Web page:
They’re the cars that have played their part in motoring history, but have long since been forgotten.
In some cases, it’s because they were always forgettable. In others, it’s down to being replaced by newer, more impressive machines.
Here are the five cars you may not remember:
You’d be very lucky to spot one of these beasts. Only a handful of them have managed to survive since their production days of the late 1970s and early 1980s.
Effectively a re-badged Opel Commodore, this was a more luxurious version of the Vauxhall Carlton. It was one of Vauxhall’s early forays into the executive car market.
Despite being fitted with a powerful 2.5-litre straight-six engine, luxury seats and a trip computer, it proved to be a relatively slow seller.
Many of those that were bought have since disappeared, fading from memory.
Do you remember the Talbot Horizon? This family hatchback first appeared in the UK during the late 1970s. It was on sale – albeit latterly in decreasing numbers – for the best part of a decade.
Motoring writer Giles Chapman, author of Britain’s Toy Car Wars, was not a fan of this attempt to rival the division-conquering Volkswagen Golf.
“It had really nasty, heavy steering, so the turning circle was terrible, ” he says. “It looks like a Golf but was nowhere near as good, even though it came out later.”
The trip computer wasn’t that impressive either.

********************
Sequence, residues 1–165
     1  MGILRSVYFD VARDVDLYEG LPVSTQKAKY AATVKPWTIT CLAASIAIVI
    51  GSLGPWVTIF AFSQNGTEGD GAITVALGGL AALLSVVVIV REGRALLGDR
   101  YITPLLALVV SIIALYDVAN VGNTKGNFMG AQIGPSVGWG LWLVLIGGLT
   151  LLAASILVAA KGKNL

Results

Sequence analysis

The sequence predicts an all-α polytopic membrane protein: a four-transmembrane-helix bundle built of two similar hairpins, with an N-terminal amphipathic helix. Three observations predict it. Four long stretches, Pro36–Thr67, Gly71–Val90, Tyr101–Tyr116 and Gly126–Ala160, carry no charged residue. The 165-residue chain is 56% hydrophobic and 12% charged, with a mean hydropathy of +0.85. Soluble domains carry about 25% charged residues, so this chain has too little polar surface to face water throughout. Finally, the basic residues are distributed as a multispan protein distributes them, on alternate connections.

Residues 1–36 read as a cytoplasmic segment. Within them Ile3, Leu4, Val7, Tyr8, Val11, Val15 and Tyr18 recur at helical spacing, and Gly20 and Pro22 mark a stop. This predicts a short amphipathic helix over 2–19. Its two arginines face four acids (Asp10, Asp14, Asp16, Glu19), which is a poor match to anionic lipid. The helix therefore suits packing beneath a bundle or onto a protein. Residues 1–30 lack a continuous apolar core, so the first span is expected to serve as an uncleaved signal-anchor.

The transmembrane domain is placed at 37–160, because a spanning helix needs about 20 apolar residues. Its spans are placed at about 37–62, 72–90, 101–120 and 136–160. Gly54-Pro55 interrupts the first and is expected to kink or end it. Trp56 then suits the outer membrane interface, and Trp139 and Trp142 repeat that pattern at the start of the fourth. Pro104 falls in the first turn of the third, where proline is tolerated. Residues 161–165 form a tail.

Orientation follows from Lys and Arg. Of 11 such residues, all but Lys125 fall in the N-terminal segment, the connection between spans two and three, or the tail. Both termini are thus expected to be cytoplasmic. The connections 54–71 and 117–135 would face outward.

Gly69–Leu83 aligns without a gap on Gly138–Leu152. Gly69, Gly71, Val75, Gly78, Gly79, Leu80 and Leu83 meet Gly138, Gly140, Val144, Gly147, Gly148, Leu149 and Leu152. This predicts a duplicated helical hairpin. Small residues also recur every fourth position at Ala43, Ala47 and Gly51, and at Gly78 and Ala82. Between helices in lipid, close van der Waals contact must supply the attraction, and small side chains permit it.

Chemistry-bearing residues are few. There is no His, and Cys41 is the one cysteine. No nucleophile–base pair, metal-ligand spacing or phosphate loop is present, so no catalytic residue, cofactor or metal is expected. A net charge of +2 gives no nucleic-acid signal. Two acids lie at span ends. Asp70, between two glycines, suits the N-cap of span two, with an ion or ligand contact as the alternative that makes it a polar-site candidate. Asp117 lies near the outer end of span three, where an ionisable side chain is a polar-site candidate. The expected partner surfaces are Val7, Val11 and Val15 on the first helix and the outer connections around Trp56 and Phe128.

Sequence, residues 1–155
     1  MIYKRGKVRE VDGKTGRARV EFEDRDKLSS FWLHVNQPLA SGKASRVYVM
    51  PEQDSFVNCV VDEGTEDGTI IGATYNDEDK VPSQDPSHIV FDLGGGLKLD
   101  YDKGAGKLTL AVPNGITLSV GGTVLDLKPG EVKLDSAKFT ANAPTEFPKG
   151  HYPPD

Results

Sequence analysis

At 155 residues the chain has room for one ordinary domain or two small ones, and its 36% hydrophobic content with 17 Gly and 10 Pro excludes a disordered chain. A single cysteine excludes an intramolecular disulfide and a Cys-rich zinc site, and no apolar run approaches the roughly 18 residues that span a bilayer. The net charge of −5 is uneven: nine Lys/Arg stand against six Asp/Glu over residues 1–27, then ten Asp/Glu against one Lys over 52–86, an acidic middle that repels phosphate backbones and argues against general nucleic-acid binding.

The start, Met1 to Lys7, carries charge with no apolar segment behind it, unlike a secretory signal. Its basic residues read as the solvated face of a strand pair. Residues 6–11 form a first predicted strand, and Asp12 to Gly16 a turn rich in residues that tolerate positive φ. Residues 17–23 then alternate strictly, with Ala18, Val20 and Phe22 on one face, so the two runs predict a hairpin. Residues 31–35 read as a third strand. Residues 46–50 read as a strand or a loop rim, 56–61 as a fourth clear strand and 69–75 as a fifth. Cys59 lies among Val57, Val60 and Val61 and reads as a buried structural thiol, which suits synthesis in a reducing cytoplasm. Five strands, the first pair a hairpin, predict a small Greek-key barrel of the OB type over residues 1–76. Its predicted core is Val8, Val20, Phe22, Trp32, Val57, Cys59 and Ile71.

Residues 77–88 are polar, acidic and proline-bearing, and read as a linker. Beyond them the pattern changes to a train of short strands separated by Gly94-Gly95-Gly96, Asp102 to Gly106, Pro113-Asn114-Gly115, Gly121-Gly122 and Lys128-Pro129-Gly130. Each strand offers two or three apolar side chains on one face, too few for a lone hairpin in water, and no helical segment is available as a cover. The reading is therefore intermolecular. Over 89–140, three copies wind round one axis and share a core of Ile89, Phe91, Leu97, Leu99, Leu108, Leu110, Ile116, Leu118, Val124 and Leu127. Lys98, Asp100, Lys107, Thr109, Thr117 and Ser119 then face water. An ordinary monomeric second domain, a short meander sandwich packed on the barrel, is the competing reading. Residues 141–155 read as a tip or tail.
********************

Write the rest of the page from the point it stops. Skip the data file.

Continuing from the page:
“It was the equivalent of a watch that you get out of a Christmas cracker, ” he says. “You look back at this car and think: why did they bother?”
For a company that likes to constantly recycle names – think Astra and Corsa – the Belmont is one it consigned to the history books.
Arriving on the scene in the mid-1980s, it was basically an Astra fitted with an enormous and extraordinarily-ugly boot that gave it a rather odd look.
The car itself was pretty good, and supporters cheered its legroom and the fact there was space for just about anything you wanted to transport.
It also proved to be particularly popular with the criminal fraternity - if official government statistics are to be believed.
A decade ago it was given the unenviable honour of being crowned one of Britain’s most regularly stolen cars by the Home Office - with 76 out of every 1,000 going missing.
Matra Simca Rancho
What would you have done back in the early 1980s if a Range Rover was out of your budget? Well, one option was to buy a Matra Simca Rancho.
It was a car before its time, especially given the current trend for crossovers that look as if they’re four-wheel drive.
“The front bit was a Simca van and the back was glass-fibre so it was crude but quite a clever idea.” says Gilles. “It was delivering an off-road look without it being an off-roader.”
This unique looking machine sold pretty well in the UK – and it’s easy to see why.
The positives are that it’s an attractive-looking machine that boasted decent handling characteristics and an acceptable performance.
The downside was rust and a pretty clunky engine. “When you try to marry up glass-fibre and metal it’s always going to be a bit creaky,” adds Chapman.
Porsche 968 Clubsport
The 968 took over from the 944 as the entry-level car of choice for the marque. This lovely-looking car was produced during the early 1990s.
The Clubsport version, meanwhile, was a lightweight version that was marketed at drivers wanting some extra track performance.
Although the 968 was superb, its days were marked when the Porsche Boxster arrived on the scene in 1996. It took everyone’s focus, and the 968 was quickly forgotten.
“The 968 was a fantastic little car but it just started to look very elderly,” says Giles Chapman.
Enjoyed this? Take a look at the history of the car decade by decade.